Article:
Hillary Clinton Wraps Up Women's Conference at UVa

Nov 15, 2017

Former Secretary of State and First Lady Hillary Clinton provided the closing remarks of the University of Virginia's two-day Women's Global Leadership forum Tuesday afternoon, as part of the university's bicentennial commemoration. Topics included sexism in politics and elsewhere, but also the protection of democracy in the U.S. WMRA's Marguerite Gallorini has more.

A standing ovation from a majority female audience welcomed the 2016 Democratic candidate .

[Crowd shouting]

Hillary Clinton talked about the challenges and double standards women leaders face in their professional lives – and about how to stand their ground even if they're the only woman in the room.

HILLARY CLINTON : Be prepared to speak up. I was asked the other day "Well what do you do when you're in a meeting and maybe you're the only woman there, and you express an idea and nobody pays attention to you. And then, ten minutes later, a man at the same meeting expresses the same idea: what do you do?" Well, look, I think you can say "You know, I'm so glad John heard me." (crowd laughs)

She also addressed new threats, including those she says the Trump administration is ignoring, such as the national security threat posed by the Russian interference with last year’s election. Clinton also cited the leadership of Virginia’s outgoing governor.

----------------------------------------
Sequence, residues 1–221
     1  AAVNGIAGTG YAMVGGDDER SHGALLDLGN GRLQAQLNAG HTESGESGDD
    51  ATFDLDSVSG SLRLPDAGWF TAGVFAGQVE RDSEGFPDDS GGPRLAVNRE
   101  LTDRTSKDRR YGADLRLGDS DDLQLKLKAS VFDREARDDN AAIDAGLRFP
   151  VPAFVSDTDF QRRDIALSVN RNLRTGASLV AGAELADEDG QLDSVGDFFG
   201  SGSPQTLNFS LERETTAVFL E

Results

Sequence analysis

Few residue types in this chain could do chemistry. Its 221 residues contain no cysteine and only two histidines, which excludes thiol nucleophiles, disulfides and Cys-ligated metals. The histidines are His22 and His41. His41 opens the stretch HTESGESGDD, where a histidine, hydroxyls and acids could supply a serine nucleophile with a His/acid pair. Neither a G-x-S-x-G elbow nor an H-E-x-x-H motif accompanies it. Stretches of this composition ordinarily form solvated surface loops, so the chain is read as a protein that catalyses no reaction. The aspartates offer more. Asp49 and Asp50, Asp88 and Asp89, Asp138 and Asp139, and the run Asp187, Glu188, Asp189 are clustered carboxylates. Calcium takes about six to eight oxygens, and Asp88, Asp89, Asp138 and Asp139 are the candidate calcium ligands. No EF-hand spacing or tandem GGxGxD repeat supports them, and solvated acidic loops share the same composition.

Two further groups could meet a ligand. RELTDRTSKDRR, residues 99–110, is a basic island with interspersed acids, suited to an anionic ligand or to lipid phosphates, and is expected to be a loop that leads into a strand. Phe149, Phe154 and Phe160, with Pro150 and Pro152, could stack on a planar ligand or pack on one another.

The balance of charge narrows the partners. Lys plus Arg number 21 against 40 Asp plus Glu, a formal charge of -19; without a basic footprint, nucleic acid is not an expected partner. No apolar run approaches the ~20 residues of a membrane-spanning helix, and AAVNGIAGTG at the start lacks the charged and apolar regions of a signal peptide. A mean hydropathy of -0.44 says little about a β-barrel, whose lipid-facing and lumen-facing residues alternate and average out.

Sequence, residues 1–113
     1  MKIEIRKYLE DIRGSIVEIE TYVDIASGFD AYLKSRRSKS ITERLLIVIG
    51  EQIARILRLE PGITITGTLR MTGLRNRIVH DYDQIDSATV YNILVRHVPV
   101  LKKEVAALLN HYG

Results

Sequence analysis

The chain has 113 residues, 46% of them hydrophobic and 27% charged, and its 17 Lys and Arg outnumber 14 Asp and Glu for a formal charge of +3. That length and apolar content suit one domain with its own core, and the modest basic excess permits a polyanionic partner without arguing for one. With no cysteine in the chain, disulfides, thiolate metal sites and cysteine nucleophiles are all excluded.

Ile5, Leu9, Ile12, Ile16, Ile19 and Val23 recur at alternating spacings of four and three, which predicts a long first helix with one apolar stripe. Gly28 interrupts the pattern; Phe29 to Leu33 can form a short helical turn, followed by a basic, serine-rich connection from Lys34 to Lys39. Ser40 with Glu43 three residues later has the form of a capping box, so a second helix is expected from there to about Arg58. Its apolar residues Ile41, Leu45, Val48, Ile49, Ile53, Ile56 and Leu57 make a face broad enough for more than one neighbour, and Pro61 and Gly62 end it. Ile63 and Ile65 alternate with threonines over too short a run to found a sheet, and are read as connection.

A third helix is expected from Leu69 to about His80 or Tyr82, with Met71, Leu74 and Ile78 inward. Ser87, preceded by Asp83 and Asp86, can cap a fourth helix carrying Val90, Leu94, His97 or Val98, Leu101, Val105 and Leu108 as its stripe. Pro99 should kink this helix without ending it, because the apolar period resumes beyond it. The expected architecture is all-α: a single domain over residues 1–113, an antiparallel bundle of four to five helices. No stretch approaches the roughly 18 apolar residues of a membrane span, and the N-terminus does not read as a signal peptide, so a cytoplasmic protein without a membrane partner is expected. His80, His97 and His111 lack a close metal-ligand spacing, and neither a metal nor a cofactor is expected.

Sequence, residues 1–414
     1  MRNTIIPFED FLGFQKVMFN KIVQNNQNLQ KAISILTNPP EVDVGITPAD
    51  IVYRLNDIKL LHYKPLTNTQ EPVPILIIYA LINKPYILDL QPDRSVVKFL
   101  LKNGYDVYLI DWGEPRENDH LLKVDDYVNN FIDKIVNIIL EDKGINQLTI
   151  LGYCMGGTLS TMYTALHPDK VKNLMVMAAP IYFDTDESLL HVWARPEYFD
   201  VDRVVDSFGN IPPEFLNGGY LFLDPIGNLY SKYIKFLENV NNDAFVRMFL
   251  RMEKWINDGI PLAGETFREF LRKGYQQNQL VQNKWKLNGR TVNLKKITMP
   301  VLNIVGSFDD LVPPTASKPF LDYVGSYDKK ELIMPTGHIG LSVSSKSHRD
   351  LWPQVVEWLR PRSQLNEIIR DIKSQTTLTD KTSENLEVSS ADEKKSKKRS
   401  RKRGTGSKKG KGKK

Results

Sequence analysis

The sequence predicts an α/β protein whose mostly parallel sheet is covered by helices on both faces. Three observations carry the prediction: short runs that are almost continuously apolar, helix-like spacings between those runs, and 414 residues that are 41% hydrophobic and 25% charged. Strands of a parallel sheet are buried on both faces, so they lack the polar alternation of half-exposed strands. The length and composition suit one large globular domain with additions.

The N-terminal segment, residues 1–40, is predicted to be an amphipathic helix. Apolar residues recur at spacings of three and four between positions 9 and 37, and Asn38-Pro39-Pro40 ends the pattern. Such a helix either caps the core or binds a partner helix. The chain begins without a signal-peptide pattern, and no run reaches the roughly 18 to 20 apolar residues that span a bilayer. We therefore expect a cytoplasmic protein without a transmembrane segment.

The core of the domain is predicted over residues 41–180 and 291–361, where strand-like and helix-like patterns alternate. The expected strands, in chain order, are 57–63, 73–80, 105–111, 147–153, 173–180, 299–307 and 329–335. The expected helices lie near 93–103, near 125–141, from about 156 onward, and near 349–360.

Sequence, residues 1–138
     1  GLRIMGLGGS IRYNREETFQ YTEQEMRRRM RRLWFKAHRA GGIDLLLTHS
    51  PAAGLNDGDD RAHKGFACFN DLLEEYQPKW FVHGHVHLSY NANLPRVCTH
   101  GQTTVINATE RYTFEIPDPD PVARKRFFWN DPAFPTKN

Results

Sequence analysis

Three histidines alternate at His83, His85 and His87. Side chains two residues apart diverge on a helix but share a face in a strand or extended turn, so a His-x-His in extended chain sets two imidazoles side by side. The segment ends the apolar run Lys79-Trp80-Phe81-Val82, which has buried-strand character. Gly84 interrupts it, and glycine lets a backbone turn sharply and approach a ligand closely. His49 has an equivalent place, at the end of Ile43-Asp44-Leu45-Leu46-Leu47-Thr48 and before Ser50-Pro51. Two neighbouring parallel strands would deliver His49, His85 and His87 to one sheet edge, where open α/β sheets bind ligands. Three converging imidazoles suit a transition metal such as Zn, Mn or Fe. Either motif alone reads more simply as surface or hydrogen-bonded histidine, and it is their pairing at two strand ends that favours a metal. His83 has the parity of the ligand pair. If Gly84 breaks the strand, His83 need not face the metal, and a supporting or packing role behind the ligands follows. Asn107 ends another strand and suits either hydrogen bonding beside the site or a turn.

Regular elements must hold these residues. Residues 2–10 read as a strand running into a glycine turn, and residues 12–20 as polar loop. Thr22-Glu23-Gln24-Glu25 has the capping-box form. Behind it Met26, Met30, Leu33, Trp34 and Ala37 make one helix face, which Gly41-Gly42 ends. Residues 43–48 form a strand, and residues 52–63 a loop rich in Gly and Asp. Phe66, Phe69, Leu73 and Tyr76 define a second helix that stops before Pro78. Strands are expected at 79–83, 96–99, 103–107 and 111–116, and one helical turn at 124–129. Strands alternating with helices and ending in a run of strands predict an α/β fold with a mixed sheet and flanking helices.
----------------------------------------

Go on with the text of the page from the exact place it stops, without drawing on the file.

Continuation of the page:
CLINTON : One area that I want to give another shout out to Terry [McAuliffe] is: when Virginia saw - what everybody saw - that our voting machines could be hacked so easily, Virginia decided to move to paper ballots. More states need to do that: our voting machines are not safe and secure. Voter suppression is a tactic meant to shrink the electorate. If you cannot win a fair fight in an election, you don't deserve to win.

Clinton did not mention the recent controversy within her own party over allegations that the Democratic primary selection process was unfair. But she did mention the challenges that face voters in sifting through information and news, and the danger of 'alternative facts' to democracy.

CLINTON : There is no such thing as an alternative fact. Those of you who study History know that trying to blur the line between fact and fiction is what dictators and authoritarians do. They want you to see the reality they want you to see. We can't let that happen.